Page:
The hard part is a certain medication(s) take time; our bodies take time to adjust to the medication(s). Medications, espeially those in mental health, are always hit and miss. Take two people who have the same diagnosis. Both take the same meds. It may work for both, just one or neither of you. The point is make sure you are in constant contact with a mental health professional and DON’T QUESTION them. However, ALWAY be HONEST about what is going on with your medications: it’s working, ir’s not working, I don’t feel right, I don’t feel a change, etc. As with all medical professionals, the more honest you are about what is really going on the better equipped they are to help you; if you’re honest aBout what is going on the doctor doesn’t have to guess. It may take a coupe days, weeks or even months before you are stable. You may be switched from one to another ten other meds for various reasons. You have to trust your medical professional(s).

    My addictive thinking, “I want what I want, when I want it, I would do anything to get it, I didn’t care who was in my way and I wanted it two weeks ago!” <—– sound familiar? Life doesn't work that way. We tried and failed miserably. Isn't that how we got to where we are today? All the alcohol and drugs were a quick fix. I used to "make my problems go away". Did they? Nope – they were still there after all that stuff I put in my body wore off. The drugs gave me the ILLUSION everything was okay.

    For instance, you said you took meth to calm the chaos, right? What happened when it wore off – did the chaos stay away? In my experience no. Even when we get sober/clean we are still insane – doing the same thing over and over expecting the same results. We may not be doing our drug of choice, however we still THINK that way. Our own THINKING and BEHAVIOR needs to change; changing those thing we have lived with for so long is not going to change overnight. It's a new way of life being sober/clean. We have to find others who live the same new life and learn from them how to live. We tried to do this alone – did it work out? For me, no – it NEVER worked out when I tried to do it alone.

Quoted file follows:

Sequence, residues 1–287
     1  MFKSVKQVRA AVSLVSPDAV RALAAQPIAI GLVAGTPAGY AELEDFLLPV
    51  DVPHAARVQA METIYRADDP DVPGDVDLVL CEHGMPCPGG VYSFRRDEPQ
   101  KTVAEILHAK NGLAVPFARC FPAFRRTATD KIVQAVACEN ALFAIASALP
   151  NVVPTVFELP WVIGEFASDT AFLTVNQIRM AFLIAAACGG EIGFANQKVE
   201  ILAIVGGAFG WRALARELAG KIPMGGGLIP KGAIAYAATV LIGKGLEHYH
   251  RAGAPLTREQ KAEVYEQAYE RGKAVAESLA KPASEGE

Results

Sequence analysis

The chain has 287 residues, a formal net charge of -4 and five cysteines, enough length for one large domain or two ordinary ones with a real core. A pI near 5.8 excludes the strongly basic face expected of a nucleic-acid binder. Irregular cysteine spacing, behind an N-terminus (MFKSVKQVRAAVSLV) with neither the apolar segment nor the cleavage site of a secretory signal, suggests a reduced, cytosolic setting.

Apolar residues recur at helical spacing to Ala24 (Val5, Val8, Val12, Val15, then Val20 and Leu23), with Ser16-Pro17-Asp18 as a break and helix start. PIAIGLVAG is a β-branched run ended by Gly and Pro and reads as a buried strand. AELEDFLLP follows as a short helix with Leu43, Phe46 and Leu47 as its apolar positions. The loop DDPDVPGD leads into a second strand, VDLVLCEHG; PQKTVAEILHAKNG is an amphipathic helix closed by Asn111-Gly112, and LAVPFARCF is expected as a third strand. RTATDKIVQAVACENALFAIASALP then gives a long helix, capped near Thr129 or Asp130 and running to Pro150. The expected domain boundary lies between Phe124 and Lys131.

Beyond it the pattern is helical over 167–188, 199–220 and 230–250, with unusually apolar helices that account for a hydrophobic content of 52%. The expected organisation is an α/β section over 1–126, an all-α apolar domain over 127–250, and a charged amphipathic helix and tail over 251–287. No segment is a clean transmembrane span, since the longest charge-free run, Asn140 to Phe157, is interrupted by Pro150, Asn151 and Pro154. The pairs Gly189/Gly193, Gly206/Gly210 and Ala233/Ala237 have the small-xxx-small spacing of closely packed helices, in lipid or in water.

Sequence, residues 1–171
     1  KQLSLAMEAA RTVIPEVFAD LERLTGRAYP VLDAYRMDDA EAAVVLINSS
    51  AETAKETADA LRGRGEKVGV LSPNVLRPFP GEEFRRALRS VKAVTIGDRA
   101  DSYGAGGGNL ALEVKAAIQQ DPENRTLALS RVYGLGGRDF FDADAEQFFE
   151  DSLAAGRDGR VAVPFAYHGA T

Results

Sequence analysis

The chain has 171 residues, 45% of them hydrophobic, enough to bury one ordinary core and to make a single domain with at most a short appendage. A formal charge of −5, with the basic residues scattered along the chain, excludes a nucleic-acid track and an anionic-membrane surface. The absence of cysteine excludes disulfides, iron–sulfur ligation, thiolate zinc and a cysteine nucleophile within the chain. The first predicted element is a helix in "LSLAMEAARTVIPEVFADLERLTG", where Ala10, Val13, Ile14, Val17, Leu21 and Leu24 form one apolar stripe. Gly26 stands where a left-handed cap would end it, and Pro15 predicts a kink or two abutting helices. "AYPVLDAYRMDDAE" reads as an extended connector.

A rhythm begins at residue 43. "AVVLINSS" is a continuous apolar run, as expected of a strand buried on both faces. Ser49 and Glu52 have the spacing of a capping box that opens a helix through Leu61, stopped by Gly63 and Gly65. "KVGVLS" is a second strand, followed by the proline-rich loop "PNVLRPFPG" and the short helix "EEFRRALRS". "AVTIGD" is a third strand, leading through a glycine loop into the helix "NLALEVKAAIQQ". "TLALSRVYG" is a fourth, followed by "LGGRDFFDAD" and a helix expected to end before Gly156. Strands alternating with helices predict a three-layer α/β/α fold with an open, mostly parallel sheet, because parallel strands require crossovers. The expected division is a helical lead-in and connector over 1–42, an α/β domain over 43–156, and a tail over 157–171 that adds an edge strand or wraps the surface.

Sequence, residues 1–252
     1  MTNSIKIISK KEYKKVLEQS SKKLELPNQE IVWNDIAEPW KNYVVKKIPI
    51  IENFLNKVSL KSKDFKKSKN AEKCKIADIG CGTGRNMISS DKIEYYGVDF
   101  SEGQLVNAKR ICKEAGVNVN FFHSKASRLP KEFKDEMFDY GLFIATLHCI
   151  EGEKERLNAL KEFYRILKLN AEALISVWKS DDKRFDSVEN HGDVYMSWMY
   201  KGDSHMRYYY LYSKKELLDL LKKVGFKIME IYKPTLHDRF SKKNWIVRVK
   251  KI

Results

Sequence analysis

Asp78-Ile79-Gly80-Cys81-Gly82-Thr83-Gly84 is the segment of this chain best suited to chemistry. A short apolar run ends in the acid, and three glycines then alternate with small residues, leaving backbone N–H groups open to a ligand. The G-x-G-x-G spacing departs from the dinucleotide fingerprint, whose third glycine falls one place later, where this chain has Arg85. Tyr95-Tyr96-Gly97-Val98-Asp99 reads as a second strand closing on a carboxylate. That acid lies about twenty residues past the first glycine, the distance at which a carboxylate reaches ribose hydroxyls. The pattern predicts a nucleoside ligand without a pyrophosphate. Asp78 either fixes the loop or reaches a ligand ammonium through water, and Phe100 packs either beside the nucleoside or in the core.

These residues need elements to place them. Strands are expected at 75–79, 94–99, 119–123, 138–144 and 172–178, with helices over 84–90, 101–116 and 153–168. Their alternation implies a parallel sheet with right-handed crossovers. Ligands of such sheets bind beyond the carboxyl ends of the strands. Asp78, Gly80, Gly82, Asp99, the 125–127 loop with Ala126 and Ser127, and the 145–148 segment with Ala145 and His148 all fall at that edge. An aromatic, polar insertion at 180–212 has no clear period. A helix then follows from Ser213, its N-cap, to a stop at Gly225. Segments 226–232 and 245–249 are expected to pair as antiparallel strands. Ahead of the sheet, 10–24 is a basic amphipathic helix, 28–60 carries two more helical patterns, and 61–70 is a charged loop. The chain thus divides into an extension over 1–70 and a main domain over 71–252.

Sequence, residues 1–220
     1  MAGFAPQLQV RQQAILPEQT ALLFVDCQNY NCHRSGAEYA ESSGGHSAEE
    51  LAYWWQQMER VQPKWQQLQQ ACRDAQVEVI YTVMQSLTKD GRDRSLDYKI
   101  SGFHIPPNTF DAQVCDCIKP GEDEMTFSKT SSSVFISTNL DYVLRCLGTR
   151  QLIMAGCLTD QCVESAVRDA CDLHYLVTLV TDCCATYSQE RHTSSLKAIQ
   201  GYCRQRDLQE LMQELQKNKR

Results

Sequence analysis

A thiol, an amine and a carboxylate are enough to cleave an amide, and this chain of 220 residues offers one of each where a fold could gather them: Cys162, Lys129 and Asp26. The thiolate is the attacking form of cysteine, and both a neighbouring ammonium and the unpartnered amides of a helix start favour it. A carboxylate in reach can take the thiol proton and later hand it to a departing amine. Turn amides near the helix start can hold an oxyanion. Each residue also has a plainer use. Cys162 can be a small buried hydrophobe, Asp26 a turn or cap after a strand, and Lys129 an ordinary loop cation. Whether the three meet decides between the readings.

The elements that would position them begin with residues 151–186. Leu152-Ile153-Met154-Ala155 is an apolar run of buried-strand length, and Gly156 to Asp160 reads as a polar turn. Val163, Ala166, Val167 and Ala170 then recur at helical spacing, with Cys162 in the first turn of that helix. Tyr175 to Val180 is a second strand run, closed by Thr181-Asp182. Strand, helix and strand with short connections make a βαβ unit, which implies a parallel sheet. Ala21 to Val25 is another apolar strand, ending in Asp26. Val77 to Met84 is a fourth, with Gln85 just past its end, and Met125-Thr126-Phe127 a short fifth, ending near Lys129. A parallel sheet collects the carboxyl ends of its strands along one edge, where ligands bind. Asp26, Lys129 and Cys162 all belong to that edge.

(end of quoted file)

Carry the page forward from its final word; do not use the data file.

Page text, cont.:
As usual, I'm going on a soapbox because I've been in your shoes. It may seem impossible right now. It's not – there are hundreds of us as living proof. You may be"dull and boring" but maybe, just maybe, this is where you are suppose to be, at least right now? The chaos has subsided, without illicit drugs, perhaps just a little or perhaps altogether, right? The way I think of it, we're re-writing our lives from this moment forward. You have a blank page in front of you. Though you may not know how to live sober/clean, who do you want to be? A stable, healthy, productive, understood human being? It doesn't happen overnight; it happens over time if we put work into it. On that note, am I perfect, no. We all have faults, we all make mistakes, we all fall on our ass once and a while. What we have to do is get up, brush the dust off and say, "Okay, that was a lesson I need to remember and not do THAT again." Anyone can do this, not alone, but with help.

    Keep the chin up and face forward – you can do this!
    The Rambler

    P.S I love the poem. I see where you can relate. I can even relate. It's awesome :)P

    Liked by 1 person

    1. lackadaisicalwhimsy

      That is so true. I work with my medications doc closely and we have changed stuff too many times to count and it was making things worse to keep switching. I like this regimen except the sleeping part when I get back on track with them after relapsing. They make me zombie like but all the antipsychotics have done so, so I decided this one was the best that I’d tried. I think I need to get back into therapy and get honest, too. Before I was so zombified I couldn’t think of things to talk about.
      My addictive thinking was that way for drugs but I avoided docs and therapy. I’m trying to refer to my addiction in the past tense, I think it’s helping my thinking 🙂
      Again thanks for all your comments, they are really helpful.

      Liked by 1 person